The sectarians labored at their tasks until evening, and then repeated
the purification rites and partook of a communal meal similar to
the one held at midday. The nights were used not only for rest,
but for study, the judgment of members, and prayer.
Thus the sect members combined everyday matters with spiritual
concerns during the week, until they came to the Sabbath, which
was devoted entirely to the worship of God through study and prayer.
Their observance of the Sabbath is characterized by great stringency,
as they sought to preserve the sanctity of the day. The "Songs
of Sabbath Sacrifice" scroll reflects the "service of
the heart" that was customary among the sectarians. The scroll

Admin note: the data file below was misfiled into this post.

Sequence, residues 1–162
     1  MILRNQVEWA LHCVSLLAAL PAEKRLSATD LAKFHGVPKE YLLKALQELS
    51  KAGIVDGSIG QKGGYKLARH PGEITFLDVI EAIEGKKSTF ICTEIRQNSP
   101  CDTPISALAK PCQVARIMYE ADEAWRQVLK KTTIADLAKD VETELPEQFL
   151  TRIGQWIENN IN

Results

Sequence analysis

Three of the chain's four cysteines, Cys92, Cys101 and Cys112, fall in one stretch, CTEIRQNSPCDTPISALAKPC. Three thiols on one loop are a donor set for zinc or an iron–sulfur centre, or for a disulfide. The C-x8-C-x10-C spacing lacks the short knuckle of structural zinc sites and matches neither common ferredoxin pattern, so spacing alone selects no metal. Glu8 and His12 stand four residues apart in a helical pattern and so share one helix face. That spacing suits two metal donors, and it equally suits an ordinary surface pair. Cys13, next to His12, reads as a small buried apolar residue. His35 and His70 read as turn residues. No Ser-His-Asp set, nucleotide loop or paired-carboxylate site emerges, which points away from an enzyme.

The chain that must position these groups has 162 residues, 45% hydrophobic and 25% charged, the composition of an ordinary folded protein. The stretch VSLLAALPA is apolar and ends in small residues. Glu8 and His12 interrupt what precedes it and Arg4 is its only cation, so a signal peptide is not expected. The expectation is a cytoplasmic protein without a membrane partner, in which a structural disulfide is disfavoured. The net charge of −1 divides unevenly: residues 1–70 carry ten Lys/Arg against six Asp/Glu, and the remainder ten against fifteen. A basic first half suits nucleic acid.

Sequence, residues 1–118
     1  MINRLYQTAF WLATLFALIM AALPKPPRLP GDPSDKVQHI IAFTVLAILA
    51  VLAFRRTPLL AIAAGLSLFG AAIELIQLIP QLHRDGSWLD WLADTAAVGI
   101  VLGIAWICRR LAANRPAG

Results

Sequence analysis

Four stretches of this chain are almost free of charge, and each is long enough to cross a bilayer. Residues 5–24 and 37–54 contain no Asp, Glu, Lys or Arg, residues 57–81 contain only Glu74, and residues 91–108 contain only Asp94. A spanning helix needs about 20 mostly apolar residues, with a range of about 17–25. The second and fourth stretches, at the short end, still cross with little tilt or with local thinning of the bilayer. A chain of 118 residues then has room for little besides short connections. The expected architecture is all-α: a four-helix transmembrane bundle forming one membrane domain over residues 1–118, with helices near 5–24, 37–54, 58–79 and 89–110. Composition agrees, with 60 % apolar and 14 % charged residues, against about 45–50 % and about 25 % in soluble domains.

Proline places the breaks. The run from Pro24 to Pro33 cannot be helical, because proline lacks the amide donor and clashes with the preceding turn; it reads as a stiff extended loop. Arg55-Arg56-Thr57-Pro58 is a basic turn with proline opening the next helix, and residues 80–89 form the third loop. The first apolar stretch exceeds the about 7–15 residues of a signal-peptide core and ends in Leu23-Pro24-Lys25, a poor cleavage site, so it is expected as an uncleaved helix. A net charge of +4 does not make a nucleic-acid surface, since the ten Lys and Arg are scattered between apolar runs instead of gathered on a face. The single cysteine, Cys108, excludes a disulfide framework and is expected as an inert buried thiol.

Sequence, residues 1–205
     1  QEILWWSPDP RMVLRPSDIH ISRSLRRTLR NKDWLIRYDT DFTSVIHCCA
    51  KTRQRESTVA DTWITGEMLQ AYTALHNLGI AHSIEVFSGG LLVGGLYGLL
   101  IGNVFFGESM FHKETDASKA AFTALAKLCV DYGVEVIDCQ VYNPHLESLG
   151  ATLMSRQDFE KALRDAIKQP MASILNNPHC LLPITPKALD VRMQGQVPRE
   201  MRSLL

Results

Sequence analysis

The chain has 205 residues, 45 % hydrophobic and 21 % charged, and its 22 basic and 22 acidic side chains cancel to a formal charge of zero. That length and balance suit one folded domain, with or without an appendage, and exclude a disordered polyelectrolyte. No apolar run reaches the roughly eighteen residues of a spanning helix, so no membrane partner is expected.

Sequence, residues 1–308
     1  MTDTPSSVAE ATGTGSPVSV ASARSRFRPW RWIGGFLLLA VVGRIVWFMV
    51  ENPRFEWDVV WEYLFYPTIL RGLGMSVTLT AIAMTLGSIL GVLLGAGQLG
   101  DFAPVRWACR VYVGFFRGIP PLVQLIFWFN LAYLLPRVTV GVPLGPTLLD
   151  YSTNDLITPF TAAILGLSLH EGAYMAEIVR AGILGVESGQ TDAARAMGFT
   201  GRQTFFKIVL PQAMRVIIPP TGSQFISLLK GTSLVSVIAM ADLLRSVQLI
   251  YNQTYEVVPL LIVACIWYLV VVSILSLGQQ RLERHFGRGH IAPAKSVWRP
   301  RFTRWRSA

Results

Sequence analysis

includes thirteen hymns sung by particular angels - one on each
Sabbath; each hymn was repeated four times throughout the year,
thus covering the fifty-two weeks of the year. These hymns, as their
title attests, were undoubtedly viewed as substitutes for the sacrifices
offered in the Temple in Jerusalem. It seems that the sectarians
viewed their Sabbath songs as a reflection of the hymns of the angels
in the celestial Temple.